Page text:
Pulpit Rock was a real hiking challenge, for me. My son Tevis did not seem to work as hard to reach the top or to descend safely. It is also a mental challenge and I have lots of friends who would be terrified of the edge–especially given the 604 m drop (and no safety rails). When we saw pictures of Preikestolen or Pulpit Rock on Pinterest, all on a sunny day, we agreed it was one of the things we had to do when we visited Norway.
We left on the first ferry from Stavanger. There was only about 50 feet of flat before the climbing began so we were glad for the cool, foggy morning. We shared the trail with hundreds of European girl and boy scouts who were in Norway for a jamboree. It did not take long for this to become a “one step at a time” physical test for me. I found all of the languages, none of them English, oddly soothing as I focused on my ascent. Tevis waited for me at several points along the trail, always looking irritatingly fresh.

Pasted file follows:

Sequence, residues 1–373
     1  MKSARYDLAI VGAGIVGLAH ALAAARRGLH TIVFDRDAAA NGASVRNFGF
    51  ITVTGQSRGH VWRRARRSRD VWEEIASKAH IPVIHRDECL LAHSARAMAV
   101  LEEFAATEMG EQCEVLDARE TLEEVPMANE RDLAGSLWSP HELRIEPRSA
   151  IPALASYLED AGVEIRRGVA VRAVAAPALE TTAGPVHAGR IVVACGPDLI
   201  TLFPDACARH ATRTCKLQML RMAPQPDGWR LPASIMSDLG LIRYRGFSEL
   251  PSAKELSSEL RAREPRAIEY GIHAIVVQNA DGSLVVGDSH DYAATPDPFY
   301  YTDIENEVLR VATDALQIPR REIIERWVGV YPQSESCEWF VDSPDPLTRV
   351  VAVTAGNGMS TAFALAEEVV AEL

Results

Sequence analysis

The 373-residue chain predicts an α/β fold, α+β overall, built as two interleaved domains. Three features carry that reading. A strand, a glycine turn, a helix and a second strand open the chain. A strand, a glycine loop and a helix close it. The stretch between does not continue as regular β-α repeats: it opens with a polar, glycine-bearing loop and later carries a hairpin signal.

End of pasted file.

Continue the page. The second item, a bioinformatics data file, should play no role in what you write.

The last 100 meters was the hardest. I was so relieved to get to the top and see Tevis waving from the distance. I did not find the edge particularly intimidating; it might have been different on a clear day. We ate our picnic lunch and recovered from the exertion. We agreed that even with the view-robbing fog the effort was worth it.
I did not think I was concerned about the edge at the time, but notice how I am leaning away from the edge and into my son Tevis! I kept remember the stories of people who hiked to the top with their dogs and then stupidly tossing the ball and watching in horror as their dog chased it over the edge. Preikestolen legend or true story? I do not know, I just know that I breathed a little easier for children and dogs as we hiked away from the edge.
Descending was just as challenging, mainly due to the crowds ascending and my overall weariness. It took me 2 hours to hike up and another 2 hours to hike down to the Visitor’s Center.
When I saw the Where’s My Backpack “Travel Theme: Edge“. I immediately thought of Pulpit Rock.